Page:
The Importance of Failure

The Importance of Failure


by Jo Melvin


There’s something about the creative act, the endeavour of making work, work we call art, that is predicated on the possibility of failure. It is the possibility of failure, and ensuing vulnerability, that are key components in Devlin’s practice. In these films he sets up a series of challenges to tackle the paradoxical moment that defines a decision.

He draws direct attention to the thin cusp between an either/or possibility and we could identify it as a split second of stasis. For a work to be worthwhile, whether it’s conceptual or actual, to be worth doing there’s the risk that it may not work out as planned, the plan itself proves unfeasible, or other unpredictable elements thwart an expected outcome.

Maybe when Daniel Devlin was planning his re-enactment of Bas Jan Ader’s Fall at the Serpentine, as when we see riding his bike along the path beside the lake past some passers-by he does the unexpected and continues his ride by steering the bike straight into the lake, for a split second of decision-making he did not know what would happen.

At the moment of confrontation, or rather just before it,  is there a way out and for how long is the option available to turn back and say it doesn’t work, I can’t do this, I can’t follow this act through, and to accept instead the disappointment of failure. The instinctive reaction of avoidance is subverted by an act that is both comical and ridiculous.

There is a more complex participation in the possibility of failure in this work, the recreation of Ader’s Fall in Amsterdam, and in the conversation of art and its objects. There is a deliberate recognition of the age-old paradox between an ideal and its expression. At each moment of a possible high point or the exhilaration of heightened sensibility, at that moment the inevitability of failure kicks in. Here the comic but salutary dousing, either immersion, falling in, or simply having a bucket of water chucked in your face.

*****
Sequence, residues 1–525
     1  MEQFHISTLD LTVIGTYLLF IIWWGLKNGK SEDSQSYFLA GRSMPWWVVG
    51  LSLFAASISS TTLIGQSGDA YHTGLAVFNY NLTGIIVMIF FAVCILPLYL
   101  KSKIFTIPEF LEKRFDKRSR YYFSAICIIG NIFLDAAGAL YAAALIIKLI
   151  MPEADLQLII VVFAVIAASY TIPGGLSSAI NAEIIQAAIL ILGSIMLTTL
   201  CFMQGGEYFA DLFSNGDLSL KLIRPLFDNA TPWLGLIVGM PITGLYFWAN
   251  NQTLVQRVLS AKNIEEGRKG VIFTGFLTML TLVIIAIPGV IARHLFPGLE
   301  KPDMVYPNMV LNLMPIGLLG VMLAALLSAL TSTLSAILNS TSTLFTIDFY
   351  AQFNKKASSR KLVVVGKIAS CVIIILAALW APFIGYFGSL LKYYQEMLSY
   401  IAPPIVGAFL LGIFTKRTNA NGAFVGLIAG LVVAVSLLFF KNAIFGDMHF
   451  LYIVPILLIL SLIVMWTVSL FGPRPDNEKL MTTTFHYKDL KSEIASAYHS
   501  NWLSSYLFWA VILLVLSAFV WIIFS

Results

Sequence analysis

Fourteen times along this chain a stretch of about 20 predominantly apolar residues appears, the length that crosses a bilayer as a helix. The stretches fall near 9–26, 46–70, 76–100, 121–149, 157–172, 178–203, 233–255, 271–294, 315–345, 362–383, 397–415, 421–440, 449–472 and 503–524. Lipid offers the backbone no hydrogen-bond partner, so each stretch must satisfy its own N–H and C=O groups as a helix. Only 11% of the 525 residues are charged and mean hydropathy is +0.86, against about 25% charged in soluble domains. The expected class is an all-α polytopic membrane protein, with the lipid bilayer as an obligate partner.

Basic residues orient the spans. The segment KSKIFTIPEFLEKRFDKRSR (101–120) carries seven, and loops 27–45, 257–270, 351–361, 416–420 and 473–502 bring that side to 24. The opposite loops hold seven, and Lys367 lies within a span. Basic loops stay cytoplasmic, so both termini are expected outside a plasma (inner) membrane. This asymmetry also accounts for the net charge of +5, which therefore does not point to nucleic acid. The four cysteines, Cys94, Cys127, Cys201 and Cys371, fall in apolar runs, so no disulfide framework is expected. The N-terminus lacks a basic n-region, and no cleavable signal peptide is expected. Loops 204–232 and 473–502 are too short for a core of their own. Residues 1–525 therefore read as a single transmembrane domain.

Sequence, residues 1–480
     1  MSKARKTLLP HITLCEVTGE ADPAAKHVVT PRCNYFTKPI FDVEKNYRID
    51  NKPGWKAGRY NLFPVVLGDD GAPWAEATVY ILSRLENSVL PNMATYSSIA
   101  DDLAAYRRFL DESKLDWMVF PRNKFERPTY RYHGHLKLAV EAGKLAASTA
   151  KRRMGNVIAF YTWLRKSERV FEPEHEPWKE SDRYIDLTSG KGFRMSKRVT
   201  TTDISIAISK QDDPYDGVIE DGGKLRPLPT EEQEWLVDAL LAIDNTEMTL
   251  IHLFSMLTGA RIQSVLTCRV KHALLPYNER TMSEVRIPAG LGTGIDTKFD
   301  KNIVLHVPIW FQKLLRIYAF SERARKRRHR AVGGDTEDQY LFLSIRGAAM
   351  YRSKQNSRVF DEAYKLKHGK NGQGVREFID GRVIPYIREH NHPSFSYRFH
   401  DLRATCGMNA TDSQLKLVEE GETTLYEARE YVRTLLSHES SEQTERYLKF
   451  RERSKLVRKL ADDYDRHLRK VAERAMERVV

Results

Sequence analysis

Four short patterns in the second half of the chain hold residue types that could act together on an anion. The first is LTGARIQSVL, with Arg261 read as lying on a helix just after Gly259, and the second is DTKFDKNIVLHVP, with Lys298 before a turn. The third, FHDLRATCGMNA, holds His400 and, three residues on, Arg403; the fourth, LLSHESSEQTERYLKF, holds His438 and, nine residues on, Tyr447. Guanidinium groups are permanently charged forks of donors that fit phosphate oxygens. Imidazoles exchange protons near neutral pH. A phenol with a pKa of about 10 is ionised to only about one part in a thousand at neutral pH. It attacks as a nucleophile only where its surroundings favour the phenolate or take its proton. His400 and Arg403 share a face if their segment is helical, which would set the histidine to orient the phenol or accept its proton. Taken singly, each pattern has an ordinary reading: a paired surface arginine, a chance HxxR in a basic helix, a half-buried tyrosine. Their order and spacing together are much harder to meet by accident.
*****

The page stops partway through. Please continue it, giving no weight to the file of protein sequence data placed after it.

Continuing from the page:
The passers-by at the Serpentine may not even have remarked on the event other than to recount it as humorous. A man rides his bicycle in the lake-splash. In the busy bustle of everyday metropolitan life where the individual struggles to assert radical autonomy, Auden’s poem about Icarus’s fall identifies the stark vulnerability of an event that begins with hope and ends in despair. Auden’s account takes us to the core of the moment of simultaneity when there are both possible and impossible events taking place, a boy flies in the sky, the terrestrial being becomes aerial. He says that though the bystanders may have heard the splash and ‘the forsaken cry’, for them ‘it was not an important failure’.

There is a lightness of touch in Devlin’s work. We encounter it in the use of conversation for instance in Drazen where Devlin and a friend sit at a café drinking coffee and discussing the nature of coffee and the performance of its making. His friend speaks of a coffee maker whose reputation draws people to seek him out to taste the magical combination of flavours and to experience its philosophy, by implication becoming something of a quest. He speaks with a persuasive authority lightly subverted when we discover he himself has never tried it, only heard about it and been drawn by the allure.

In another work the dialogue continues. This time it’s a simultaneous duality of internal thought processes, we see two Devlins side by side drinking coffee, defining an idea of art’s ideality, its absurdity and in frustration the reaction, dousing with water, another splash and the dream dissolves.

In Window Tate we see the artist sitting in a room with a window behind him. Our view through the window is of the slope down into Tate Modern with the Frida Kahlo banners hanging above the entrance. And again the gentle play on artistic projection sets us following Devlin, whose figure we see through the window approaching the entrance. We watch while the action takes place behind his seated figure: he remains sitting, and behind him he walks purposefully down the ramp to the entrance as if recessed in his own mind, the thought seen simultaneously with the action. Then as with a blink, the name on the banner changes for a second or less to Daniel Devlin before returning to Kahlo as he himself turns to walk back up the ramp, back to and through the window.